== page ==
BOSTON – The walk from their condominium on the north side of town is only about 10 minutes from the arena, and these days, the hockey players from Florida are able to make that stroll in the shorts and sandals they've grown accustomed to wearing year round
The wardrobe will soon change.
Defenseman Dennis Seidenberg was the first member of the Panthers to be traded to the Boston Bruins, the shot blocking German sent north at last year's trade deadline. He signed a long-term contract with the team during the offseason. In June, he was joined by former teammates Gregory Campbell and Nathan, two wingers who had spent their professional career playing in the Panthers organization.
Seidenberg has been helping his old pals adjust to life in a new city – and to the pressures that come with playing in a true hockey market.
“I think they are definitely excited to get started here,'' said Seidenberg, who played in 62 games for the Panthers last season. “They're excited about the change, the pressure.''
The three players all live in the same building and often walk to and from the Garden together. Horton is the big name among the Florida Bruins, coming to the team in a big trade prior to the NHL Draft. General manager Dale Tallon also sent Campbell to the Bruins. Defenseman Dennis Wideman came in return as did the 15th overall pick in the draft.
The Horton/Campbell deal was not necessarily considered a blockbuster although it was one of the few major offseason NHL trades. Campbell was surprised by the move especially since he had always said he enjoyed playing in Florida and wanted to stay.
Horton being moved, however, had been talked about quietly for the past few years. The third overall pick of the 2003 draft, Horton's work ethic had been questioned and it was wondered if he would ever hit his potential in Florida. When he told new general manager Dale Tallon that he wouldn't mind a change of scenery, Tallon quickly started making calls and a deal was struck in Boston.
In Florida, Horton was looked upon as a talented power forward who could be much better than he was; in Boston, Horton is expected to flourish and help a Bruins team that struggled to score last season. Some feel Horton may be the missing piece that can help Boston reach the Eastern Conference finals after being beaten in the semifinals in each of the past two seasons.
Horton scored a career-high 27 goals in 2006-07. His goals dropped to 22 in 2008-09 when coach Pete DeBoer moved him to center. Horton was on pace to have a career year last season, but he missed 17 games after suffering a broken leg on an errant shot from Seidenberg on Jan. 21. Horton still ended up scoring 20 goals – third most on the team.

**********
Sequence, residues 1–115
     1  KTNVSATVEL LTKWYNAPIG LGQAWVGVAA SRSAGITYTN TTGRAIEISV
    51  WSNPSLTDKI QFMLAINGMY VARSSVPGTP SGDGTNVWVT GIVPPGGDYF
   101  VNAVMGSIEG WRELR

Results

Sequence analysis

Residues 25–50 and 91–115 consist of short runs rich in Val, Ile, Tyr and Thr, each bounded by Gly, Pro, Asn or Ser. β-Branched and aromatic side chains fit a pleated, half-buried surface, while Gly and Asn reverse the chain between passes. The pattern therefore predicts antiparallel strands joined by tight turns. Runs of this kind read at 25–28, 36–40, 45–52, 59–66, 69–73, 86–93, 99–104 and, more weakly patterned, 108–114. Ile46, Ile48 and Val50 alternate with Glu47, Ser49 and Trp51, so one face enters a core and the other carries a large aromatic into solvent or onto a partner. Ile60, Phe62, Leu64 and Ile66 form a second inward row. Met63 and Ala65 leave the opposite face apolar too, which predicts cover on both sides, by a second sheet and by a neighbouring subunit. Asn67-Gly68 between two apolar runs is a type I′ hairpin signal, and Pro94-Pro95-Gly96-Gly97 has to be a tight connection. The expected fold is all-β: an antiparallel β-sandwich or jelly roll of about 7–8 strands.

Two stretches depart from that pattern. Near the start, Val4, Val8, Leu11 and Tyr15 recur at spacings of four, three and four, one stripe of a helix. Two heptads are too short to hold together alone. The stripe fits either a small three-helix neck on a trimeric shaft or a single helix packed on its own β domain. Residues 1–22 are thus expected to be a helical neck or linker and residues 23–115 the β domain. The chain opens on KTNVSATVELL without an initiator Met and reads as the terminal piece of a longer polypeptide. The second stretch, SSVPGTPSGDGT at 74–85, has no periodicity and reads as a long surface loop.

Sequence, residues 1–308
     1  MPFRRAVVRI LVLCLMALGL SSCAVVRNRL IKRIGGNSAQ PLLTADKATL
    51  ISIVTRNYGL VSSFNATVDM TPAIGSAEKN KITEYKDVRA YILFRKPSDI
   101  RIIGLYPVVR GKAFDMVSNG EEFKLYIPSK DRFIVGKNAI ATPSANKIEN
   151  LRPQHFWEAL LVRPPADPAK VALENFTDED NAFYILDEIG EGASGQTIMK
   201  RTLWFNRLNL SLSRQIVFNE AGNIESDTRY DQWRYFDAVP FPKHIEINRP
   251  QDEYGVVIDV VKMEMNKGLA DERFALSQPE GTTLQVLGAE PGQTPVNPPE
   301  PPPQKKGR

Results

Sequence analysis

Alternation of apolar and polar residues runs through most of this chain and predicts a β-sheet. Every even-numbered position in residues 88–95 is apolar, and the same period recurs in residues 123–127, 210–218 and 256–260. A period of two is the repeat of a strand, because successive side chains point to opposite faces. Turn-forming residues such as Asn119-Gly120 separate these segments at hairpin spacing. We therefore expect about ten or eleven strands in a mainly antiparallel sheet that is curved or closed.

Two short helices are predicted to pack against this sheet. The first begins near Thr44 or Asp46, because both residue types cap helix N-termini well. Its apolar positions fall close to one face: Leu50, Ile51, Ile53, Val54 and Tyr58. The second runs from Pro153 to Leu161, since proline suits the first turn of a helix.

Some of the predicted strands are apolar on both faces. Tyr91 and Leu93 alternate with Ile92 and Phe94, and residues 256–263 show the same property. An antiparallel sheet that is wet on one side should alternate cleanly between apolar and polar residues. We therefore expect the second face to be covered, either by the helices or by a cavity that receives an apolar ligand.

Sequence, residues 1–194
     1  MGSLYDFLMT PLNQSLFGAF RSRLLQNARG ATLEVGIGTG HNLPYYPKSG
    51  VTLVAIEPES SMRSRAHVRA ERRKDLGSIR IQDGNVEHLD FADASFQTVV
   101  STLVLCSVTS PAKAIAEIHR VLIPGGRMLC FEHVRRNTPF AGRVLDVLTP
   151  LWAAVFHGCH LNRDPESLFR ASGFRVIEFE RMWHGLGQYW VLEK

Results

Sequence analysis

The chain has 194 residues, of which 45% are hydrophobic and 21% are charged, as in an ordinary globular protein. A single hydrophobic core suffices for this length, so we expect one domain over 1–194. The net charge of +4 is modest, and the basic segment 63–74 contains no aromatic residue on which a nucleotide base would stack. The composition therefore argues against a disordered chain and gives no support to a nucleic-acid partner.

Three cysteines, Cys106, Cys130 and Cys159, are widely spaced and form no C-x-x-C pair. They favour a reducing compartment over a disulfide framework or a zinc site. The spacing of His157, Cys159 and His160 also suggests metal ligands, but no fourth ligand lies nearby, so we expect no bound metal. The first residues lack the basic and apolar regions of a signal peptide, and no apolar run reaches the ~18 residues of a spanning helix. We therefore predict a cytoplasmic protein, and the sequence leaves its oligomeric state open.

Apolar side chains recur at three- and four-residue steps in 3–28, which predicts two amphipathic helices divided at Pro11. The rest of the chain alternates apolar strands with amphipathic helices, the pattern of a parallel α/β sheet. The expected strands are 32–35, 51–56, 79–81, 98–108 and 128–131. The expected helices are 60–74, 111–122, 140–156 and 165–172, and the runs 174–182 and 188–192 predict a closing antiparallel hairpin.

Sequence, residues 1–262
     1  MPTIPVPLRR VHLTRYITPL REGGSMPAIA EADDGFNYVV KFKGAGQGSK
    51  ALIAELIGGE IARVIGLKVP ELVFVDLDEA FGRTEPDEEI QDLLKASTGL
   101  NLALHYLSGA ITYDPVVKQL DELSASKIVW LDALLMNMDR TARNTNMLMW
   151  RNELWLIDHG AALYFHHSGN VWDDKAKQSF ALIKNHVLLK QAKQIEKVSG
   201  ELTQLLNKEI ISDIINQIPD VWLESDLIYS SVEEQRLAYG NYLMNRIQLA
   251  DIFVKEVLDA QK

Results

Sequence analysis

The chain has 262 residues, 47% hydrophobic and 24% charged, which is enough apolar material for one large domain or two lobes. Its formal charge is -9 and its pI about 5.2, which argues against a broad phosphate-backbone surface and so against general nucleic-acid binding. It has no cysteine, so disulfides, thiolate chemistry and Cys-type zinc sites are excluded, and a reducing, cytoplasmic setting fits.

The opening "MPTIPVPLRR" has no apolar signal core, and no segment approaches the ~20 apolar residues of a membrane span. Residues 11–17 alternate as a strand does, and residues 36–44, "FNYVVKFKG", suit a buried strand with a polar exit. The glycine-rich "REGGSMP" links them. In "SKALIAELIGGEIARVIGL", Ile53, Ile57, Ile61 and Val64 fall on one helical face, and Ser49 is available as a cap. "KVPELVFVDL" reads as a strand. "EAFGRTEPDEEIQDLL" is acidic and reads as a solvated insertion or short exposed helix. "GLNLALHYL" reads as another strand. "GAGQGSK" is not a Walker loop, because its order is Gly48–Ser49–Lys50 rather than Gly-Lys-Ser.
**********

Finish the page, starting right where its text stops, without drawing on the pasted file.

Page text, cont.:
“It's been tough, ever since I was in Florida, not winning,'' said Horton. “It was a long time. It's nice for a change I think. I hope it all goes well. [Tallon and I] both knew it was time for a change and I think it's worked out well. .-.-. I think everyone underachieved. When you don't win, don't make the playoffs, it's not fun. It was a tough seven years, but it's where I started, where I started my family. It will always have a thing for Florida.''
On Saturday, Horton and Campbell played against the Panthers for the first time in their careers – with Horton getting the second goal of the game.
DeBoer has coached against former players, but he knew Horton and Campbell very well as the three have a long history. DeBoer and Horton are both from Dunnville, Ontario, and DeBoer coached Campbell not only in Florida, but in juniors as well.
“It's part of hockey obviously, and you get used to it the longer you're in it,'' said DeBoer, who warmly greeted Horton and Seidenberg near the Florida locker room as they were leaving Saturday morning. “I like both of those guys, have known them a long, long time.''
Campbell, like Horton, is excited to take on the new challenges playing in an Original Six hockey market poses – although there is decidedly much more pressure on Horton than there is on the fourth-line Campbell. Neither player has been to the NHL playoffs and if they miss it again this year, there will be much more consternation than there was during their run in South Florida.
“This is uncharted waters for me. I spent a long time in Florida and didn't know what to expect here,'' said Campbell. “But I'm excited. I'm really embracing the opportunity. The trade was a shock, although my contract was up. I guess if it was going to happen, that was the time. I didn't expect a trade, especially to Boston.''
SATURDAY'S PRESEASON GAME – PANTHERS 3, BRUINS 2 (SO): The Panthers rallied from a 2-0 deficit after getting goals from Radek Dvorak and Kenndal McArdle in the third period.
Goalie Scott Clemmensen played the entire game, making 25 saves – including two in the shootout. Florida got goals from Mike Santorelli and Cory Stillman on the only shots the Panthers needed.
Boston got its goals in the second period from newcomers Tyler Seguin (second overall pick in 2010) and Horton. The Panthers (3-0-0) conclude their four game exhibition road trip Monday in Montreal.
The Panthers have beaten the Bruins (1-1-1) twice this preseason.
Bos Tyler Seguin (1:20 2nd) from Chara
Bos Nathan Horton (11:51 2nd) from Krejci
Fla Radek Dvorak (2:20 3rd) from Reasoner, Paetsch
Fla Kenndal McArdle (8:46 3rd) from Reasoner
SO: Cory Stillman (Santorelli also scored)
Bos Tuuka Rask 2-28; SO: 2-2
Fla Scott Clemmensen 2-25; SO 1-3
Bos 0-5 (9:43)
Fla 0-4 (7:59)